by Tim Gilmore, 3/15/2022
1. Strange Stipulations
Strange hitch in the inheritance. Because who said you can’t take it with you when you die? Client of the artist, just shy of 101 years old, bequeaths the art to his children with the requirement that they destroy it. George Varn exerts his will from the grave. One of the earliest houses designed by one of Florida’s greatest architects will be demolished within the month.
Lion of lumber, captain of industry, George Varn hired the young architect Taylor Hardwick in 1953 to design the house in which he and Betty would raise their children. Hardwick was in his late 20s, just four years out of architecture school, had started his own firm with W. Mayberry Lee the year before. He was on his way to becoming one of the city’s most famous architects, Hardwick and Lee designing the iconic Skinner Dairy Stores with their butterfly roofs in 1958, both the Haydon Burns Library and Friendship Park in 1965.
Varn graduated from The Bolles School and then Harvard with a degree in economics in 1942, served in Naval intelligence during World War II, then joined the family business in ’45. When his grandfather, also named George Varn, died in Valdosta, Georgia two years later, The Atlanta Constitution said he “held controlling interest in a naval stores processing plant at Palatka, Fla., and with his brother, K.S. Varn, operated a 37,000-acre turpentine plantation at Hoboken, Ga.”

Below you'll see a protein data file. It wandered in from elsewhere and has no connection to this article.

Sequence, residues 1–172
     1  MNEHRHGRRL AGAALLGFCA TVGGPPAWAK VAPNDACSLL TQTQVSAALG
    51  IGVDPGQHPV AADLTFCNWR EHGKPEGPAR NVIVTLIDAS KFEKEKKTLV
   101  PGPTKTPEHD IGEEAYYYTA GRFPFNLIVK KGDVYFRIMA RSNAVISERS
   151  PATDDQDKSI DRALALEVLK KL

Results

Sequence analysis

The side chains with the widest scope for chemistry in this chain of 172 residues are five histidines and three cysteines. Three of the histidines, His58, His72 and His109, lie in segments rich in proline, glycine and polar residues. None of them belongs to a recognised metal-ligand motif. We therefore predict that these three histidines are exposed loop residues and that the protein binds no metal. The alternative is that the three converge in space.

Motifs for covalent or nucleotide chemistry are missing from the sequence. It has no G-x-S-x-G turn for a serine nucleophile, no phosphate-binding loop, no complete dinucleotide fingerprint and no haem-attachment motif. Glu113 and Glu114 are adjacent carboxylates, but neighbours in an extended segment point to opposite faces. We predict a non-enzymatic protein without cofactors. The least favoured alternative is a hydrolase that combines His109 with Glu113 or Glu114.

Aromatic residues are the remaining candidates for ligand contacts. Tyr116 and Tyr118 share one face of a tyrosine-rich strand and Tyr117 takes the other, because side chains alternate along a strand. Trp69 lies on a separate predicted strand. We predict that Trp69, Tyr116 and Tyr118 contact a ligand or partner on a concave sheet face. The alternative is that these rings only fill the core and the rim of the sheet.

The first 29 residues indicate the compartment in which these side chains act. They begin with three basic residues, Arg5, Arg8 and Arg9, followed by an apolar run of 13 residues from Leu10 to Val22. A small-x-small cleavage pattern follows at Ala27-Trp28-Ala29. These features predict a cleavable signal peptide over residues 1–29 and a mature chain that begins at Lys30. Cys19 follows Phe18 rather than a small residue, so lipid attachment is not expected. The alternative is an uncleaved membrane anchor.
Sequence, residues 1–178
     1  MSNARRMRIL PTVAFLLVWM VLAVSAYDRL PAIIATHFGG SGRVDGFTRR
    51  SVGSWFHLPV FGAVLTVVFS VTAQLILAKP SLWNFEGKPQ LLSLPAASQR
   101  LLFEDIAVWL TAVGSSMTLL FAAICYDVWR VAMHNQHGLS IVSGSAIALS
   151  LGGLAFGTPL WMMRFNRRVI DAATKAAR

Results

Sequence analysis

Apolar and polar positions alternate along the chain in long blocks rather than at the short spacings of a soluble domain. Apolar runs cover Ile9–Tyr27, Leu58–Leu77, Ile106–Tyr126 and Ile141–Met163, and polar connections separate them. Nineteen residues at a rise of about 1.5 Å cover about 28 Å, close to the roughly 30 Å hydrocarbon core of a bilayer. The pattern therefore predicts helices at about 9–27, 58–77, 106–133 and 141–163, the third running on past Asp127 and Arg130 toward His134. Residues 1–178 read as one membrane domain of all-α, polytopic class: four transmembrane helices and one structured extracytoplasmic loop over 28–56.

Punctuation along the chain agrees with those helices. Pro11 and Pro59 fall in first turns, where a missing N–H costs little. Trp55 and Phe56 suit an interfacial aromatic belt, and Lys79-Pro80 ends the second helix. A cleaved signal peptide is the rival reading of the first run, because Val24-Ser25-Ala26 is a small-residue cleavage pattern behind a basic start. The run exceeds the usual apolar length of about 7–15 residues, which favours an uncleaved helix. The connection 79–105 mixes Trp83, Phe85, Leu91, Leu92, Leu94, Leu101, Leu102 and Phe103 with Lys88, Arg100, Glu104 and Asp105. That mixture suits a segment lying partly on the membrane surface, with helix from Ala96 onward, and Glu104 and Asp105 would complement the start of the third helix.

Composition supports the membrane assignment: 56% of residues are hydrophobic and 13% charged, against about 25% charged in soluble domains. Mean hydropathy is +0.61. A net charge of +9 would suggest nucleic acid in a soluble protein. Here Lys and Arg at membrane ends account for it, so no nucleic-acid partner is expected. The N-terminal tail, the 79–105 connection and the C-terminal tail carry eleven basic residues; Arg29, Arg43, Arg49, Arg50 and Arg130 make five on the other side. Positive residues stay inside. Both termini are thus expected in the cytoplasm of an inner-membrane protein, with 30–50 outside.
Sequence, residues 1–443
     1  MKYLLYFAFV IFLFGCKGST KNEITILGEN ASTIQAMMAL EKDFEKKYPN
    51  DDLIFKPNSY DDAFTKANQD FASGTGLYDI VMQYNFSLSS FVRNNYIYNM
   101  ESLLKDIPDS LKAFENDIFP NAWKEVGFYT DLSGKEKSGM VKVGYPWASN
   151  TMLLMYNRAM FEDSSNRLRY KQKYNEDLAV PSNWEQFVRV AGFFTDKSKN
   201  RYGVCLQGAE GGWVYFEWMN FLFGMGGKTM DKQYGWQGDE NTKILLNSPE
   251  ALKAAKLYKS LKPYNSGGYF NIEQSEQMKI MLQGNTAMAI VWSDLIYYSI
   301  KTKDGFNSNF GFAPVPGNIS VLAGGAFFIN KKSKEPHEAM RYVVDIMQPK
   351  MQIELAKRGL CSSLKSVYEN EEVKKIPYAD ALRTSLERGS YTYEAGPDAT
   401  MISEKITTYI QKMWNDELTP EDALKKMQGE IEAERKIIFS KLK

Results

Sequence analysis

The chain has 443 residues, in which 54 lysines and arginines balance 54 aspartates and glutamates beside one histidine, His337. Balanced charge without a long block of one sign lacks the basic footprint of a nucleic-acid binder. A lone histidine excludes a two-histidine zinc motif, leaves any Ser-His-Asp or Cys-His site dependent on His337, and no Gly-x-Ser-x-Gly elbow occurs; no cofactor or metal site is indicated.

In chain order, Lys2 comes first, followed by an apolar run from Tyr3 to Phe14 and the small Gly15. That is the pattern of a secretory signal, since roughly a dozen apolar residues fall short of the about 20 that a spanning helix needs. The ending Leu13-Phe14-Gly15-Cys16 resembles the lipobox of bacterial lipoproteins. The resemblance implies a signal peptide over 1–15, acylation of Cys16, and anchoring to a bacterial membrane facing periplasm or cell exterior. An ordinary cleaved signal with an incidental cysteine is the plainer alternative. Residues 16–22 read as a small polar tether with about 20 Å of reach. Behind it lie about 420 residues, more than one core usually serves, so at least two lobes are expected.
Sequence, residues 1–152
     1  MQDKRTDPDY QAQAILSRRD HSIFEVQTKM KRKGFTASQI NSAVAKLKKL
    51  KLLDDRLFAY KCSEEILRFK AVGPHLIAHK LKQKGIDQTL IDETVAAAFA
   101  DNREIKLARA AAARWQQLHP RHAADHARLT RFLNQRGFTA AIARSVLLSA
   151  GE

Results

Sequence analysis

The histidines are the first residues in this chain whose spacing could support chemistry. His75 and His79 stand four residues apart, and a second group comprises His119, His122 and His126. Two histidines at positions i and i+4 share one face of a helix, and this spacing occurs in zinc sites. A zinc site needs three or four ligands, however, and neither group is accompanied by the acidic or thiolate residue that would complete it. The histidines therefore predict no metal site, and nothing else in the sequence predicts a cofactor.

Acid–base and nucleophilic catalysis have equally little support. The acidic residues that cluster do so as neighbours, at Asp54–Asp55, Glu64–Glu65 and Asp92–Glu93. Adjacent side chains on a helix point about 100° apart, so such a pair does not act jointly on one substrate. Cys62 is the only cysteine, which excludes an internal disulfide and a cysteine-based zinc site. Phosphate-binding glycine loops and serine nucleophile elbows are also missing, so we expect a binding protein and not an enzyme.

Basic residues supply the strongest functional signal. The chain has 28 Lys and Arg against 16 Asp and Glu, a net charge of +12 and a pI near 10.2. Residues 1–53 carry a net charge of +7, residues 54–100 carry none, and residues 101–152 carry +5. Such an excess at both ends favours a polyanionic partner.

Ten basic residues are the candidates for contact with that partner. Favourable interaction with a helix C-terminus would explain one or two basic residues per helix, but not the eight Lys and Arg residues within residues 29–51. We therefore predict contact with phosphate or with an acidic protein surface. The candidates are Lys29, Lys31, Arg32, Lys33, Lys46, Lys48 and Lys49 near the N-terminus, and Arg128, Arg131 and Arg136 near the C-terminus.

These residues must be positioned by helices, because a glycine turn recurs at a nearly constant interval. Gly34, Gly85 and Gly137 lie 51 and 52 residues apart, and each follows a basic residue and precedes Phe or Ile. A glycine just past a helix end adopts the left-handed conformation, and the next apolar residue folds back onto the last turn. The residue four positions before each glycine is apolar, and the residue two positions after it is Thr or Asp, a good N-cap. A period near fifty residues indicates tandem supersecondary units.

As the naval stores industry, supplying wooden ships and specializing in pine products like resin and turpentine, declined in the 1960s, George reinvented the family business, building a sawmill at the Hoboken, Georgia site and incorporating Varn Wood Products.
“We were a naval stores family,” Varn told Timber Processing Magazine in November 2019. “My grandfather and my great uncle were turpentine people, not sawmillers. Granddaddy was dead by then, but my great uncle got on to me. He said you didn’t cut trees down, you used them to make turpentine and rosin. If they fell down, then you could send them to a sawmill, but only then.”
Confusingly, the George Varn who died in 1947 was known as George Varn, Sr., while his grandson, son of Lester Varn, was first called George Varn II. At some point, George Varn II, whose brother was also named Lester, became George Varn, Sr. and named his son George Varn, Jr. It’s the new George, Jr. and his siblings Ellen and Merrill (Mary Elizabeth, Jr.), now in their 70s, who’ve inherited the house Taylor Hardwick designed and whose father’s will stipulates they tear it down.